Since the conception of self-publishing, we have all heard of the vultures known as Vanity Press. Those are the publishers that guarantee more than they ever can deliver and charge high prices for their services. When an author wakes up and realizes the publisher has overpriced their paper and eBooks, and taken them for a ride by pushing for more paid services, separating themselves from the vanity press the author finds it to not be easy. Most often, the author tries to walk away with something and usually gets nothing. Legal battles can then ensue, and the company usually files for bankruptcy, leaving the author farther in the hole, with zilch, and dismay in the publishing world.
For me, it is disturbing that this is still happening today. Many of those services have closed shop only to reopen under a different name, but using the same underhanded business model. For them, it is always about making money from the authors who don’t know better. I have hoped and wished many times to be able to get information to these authors before they make a horrible mistake. Sadly, I often don’t learn about them until it is too late.
We see this played out with Amazon in a slightly different manner. While they don’t charge outrageous fees, they’re promising that by being published through them, they can give you more exposure, and you can make more money than through traditional services. What they fail to tell you is that they don’t open their distribution channel to all the bookstores. They keep everything in-house with exclusive contracts and slightly lower printing prices to make the author believe they are getting a better deal. It all sounds great, but when you step back and look at the bigger picture, it’s causing authors to lose even more money because they have to compete against millions of other authors doing the same thing. Thus, Amazon has created a monster of a machine that pushes authors to spend more money through their advertising programs, in hopes of making more money through their exclusive contracts that pay higher than others. It’s a perfect con game of drawing attention to what can be while sticking their hands in your pockets and taking from you without you realizing it.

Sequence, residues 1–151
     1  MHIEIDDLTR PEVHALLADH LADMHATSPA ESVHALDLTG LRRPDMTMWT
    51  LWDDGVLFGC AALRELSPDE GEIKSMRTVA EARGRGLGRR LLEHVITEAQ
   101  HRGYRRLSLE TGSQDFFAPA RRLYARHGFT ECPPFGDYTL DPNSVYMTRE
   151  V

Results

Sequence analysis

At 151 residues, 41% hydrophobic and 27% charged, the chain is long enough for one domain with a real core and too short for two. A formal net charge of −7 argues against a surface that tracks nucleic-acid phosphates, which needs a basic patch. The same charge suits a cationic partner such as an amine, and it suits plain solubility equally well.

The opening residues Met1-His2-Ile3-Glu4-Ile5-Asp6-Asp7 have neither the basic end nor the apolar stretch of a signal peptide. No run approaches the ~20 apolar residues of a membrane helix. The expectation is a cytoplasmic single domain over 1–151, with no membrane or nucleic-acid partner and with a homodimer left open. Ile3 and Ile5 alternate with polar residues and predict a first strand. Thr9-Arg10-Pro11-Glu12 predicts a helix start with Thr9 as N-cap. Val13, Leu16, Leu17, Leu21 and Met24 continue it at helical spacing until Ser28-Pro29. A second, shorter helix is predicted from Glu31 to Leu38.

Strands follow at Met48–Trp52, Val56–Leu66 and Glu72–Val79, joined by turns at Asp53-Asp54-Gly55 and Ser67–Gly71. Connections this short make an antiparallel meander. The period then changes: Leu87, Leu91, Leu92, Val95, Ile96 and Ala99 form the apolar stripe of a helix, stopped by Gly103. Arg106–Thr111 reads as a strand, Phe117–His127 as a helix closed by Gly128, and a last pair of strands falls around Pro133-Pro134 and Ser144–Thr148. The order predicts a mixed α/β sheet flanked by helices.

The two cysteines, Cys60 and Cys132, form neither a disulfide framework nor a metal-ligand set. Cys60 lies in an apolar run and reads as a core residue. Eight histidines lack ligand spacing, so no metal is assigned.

To be noticed on Amazon, there are several factors to take into consideration. Reviews are a free valuable aspect, but they still cost the author money since the reviews can only come from direct sales through Amazon. If that doesn’t work, then an Amazon author has to spend money on their advertising program to get recognized in some format by the Amazon reader. This cost of advertising is not cheap and needs to be done regularly so that the author remains relevant. Few authors understand the concept of keywords, and other tricks of the trade to help lower the cost of advertising, while also improving sales. It can be done, but for a small number of authors. As more and more authors begin to learn this process, the process itself becomes invalid and everyone has to create a new way to stay ahead of the game. A vicious cycle that most authors don’t have time for, nor the desire to deal with it.
With Amazon being the largest bookseller in the world, what is the alternative? Keep giving them the money and allowing them to take advantage of authors in their system? Authors know that they need to be listed on Amazon to have more opportunities to sell their books. But what if there were other ways to walk away from Amazon, and create a system that pays authors their fair share so they can make a living and have their investments in advertising pay off for them? Would the authors abandon Amazon?
The answer would seem like a logical, yes. However, to do that, whatever system is created must have enough buyers in their market to give the author a reason to leave Amazon. The Amazon book market is such a small part of their system these days. Amazon would not even notice a rival taking that small part of their business away. At the same time, they know that they have hooked buyers in such a way that what amount of business they would lose would barely be noticeable in their profit margin. Thus, their attitude is one of not caring what the authors do or do not do.
Still, for another online bookstore to accomplish the goal of paying authors their fair share, they must spend millions on advertising their business to both readers and authors to convert both of them from Amazon, and build the business.
In today’s mental mindset of being against the 1%, the growing resentment of Amazon’s founder, who will become the first trillionaire by 2023, is being seen. Both authors and readers can help each other. It is a partnership between authors and readers. Authors provide great books to readers, and readers will pay fair prices, knowing that the majority of the money is going to authors as their fair share, which means they make more money through the new system, then they ever would through Amazon. Whether an author makes enough to earn a living, is entirely up to how good their book is, both storyline and quality of writing, and how much effort the author puts into marketing.